Tag Archives: eternal life

A Truly Good Life ~ John 3:1-21

Registered trademark for Life Is Good, Inc. Photo Credit: businesswire.com

Registered trademark for Life Is Good, Inc. Photo Credit: businesswire.com

“Life is good.” In the mid-1990’s an apparel line was launched by Life is Good, Inc. According to their website, the company’s mission is to spread the power of optimism as they remind us that life is not perfect, life is not easy, but life is good. Featuring their eye-catching logo (pictured here), the apparel line quickly grew in popularity; I had a few of their t-shirts myself. This is a good, relevant, and healthy message. I like it. But in the grand scheme of things it is not complete.

Jesus answered, “Truly, truly, I say to you, unless one is born of water and the Spirit, he cannot enter the kingdom of God. That which is born of the flesh is flesh, and that which is born of the Spirit is spirit. Do not marvel that I said to you, ‘you must be born again.’” John 3:5-7 ESV

Jesus and Nicodemus. Photo credit: catholicireland.net

Jesus and Nicodemus. Photo credit: catholicireland.net

Jesus’ encounter with Nicodemus is one of my favorite passages of Scripture. It is rich with meaning and insight. Nicodemus was a Pharisee, a leader in the Jewish synagogue. The Pharisees as a group had been badgering Jesus with trick questions and false accusations since He began His ministry. Here, at night, Nicodemus approached Jesus in private, as if something in his heart was leading him to believe that Jesus was something more than a carpenter who taught with authority (verse 2). Nicodemus seems genuinely curious about the Lord, but to approach Him in a manner offering credibility and respect in public would likely have resulted in great personal trial for Nicodemus.

These days, we tend to toss the phrase “born again” about rather casually. But this is a big deal, really. In this passage, Jesus describes a changed person; one who evolves from having been born of the flesh to one who is now born of the Spirit. This is a new life; a life with a focus beyond the things of this world. It is a life rooted in Christ by the power of the Holy Spirit.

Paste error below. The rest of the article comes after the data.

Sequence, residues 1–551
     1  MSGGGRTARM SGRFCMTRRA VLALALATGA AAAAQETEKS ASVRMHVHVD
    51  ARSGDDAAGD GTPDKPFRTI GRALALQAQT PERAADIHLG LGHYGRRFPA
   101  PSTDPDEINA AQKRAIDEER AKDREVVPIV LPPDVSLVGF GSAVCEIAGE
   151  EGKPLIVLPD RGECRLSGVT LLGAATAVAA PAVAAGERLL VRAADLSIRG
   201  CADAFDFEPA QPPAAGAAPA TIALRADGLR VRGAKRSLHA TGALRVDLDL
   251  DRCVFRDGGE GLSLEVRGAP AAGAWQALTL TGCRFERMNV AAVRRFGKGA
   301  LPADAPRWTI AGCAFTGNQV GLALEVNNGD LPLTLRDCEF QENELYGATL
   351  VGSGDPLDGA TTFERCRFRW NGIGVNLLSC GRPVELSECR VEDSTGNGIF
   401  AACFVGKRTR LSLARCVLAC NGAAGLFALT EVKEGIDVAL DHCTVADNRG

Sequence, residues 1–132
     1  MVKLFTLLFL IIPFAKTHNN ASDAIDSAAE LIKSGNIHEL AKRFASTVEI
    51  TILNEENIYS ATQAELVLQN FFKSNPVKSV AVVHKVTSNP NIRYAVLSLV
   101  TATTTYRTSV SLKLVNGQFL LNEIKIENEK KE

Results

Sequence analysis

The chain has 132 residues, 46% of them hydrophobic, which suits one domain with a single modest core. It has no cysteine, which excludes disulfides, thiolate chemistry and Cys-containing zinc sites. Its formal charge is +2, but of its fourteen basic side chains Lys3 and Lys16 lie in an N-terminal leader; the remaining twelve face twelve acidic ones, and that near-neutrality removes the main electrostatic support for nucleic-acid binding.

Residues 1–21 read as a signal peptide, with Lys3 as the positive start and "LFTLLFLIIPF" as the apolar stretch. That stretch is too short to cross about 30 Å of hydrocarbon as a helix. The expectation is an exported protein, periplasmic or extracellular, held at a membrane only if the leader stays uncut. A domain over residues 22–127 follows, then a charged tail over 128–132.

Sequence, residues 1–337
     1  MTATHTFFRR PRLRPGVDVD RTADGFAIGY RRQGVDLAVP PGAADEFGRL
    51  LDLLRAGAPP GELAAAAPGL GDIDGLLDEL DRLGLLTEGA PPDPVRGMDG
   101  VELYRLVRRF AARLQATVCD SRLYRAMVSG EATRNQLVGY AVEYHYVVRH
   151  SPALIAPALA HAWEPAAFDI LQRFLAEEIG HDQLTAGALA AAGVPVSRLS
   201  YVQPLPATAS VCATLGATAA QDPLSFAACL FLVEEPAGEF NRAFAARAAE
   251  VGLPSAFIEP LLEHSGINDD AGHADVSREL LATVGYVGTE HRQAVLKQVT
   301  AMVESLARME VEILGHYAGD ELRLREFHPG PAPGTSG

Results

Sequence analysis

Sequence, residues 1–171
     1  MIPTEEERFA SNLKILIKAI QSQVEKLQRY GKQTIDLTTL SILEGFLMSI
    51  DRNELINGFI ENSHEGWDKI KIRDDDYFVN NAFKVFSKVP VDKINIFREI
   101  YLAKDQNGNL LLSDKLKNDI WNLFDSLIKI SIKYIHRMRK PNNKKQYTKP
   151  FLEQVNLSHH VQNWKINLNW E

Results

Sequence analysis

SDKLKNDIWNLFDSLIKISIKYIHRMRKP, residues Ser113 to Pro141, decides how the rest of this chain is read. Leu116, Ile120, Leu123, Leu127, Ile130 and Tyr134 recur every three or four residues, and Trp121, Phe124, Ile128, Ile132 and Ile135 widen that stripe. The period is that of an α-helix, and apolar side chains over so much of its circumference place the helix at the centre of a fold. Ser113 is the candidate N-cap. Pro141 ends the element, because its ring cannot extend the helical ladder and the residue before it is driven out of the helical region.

One of the overriding principles of Scripture is that the person who truly loves the Lord knows, first and foremost, that his salvation is solely rooted in the sacrifice that Jesus made in our behalf on the cross. There is nothing any of us can do to earn our salvation.

“For God so loved the world, that he gave his only Son, that whoever believes in him should not perish but have eternal life. For God did not send his Son into the world to condemn the world, but in order that the world might be saved through him.” ~ John 3:16-17 ESV

Photo credit: newjerusalemcoming.com

Photo credit: newjerusalemcoming.com

Through Christ, God’s work of salvation is perfectly completed. We believers are the humble recipients of His mercy (not receiving the condemnation we rightly deserve) and His grace (receiving salvation from Him, even as undeserving as we are). What does this have to do with being born again? Having received the gift of salvation through Christ, our lives ought to change in response. When we are born again, our priorities ought to reflect God’s priorities, not those of the flesh: the sinful world in which we live. Sadly, however, this is not the case. If each of us is truly honest, it doesn’t take long for us to realize that we still cling to the things of this world even as we live under God’s mercy and grace.

“And this is the judgment: the light has come into the world, and the people loved the darkness rather than the light because their works were evil. For everyone who does wicked things hates the light and does not come to the light, lest his works should be exposed. But whoever does what is true comes to the light, so that it may be clearly seen that his works have been carried out in God.” ~ John 3:19-21 ESV

Friends, these words of Jesus ought to give each of us pause; they certainly do me. I have complete confidence in the redeeming work of my Savior, but I still catch myself living in the flesh every day. When I examine my life in the light, I realize there is still a lot of darkness that needs to be dealt with. And I want to deal with it. I want to change the things in my life that point to the flesh, and instead, point to my Lord – not because it is a requirement of salvation (it is not), but as a product of my love and gratitude for my Lord.